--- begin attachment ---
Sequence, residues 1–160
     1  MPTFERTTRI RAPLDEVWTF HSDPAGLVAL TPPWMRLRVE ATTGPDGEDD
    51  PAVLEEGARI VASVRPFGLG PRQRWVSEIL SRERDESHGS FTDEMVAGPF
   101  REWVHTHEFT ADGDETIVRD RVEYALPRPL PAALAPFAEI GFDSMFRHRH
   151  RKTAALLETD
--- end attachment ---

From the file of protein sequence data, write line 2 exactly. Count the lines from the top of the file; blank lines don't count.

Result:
     1  MPTFERTTRI RAPLDEVWTF HSDPAGLVAL TPPWMRLRVE ATTGPDGEDD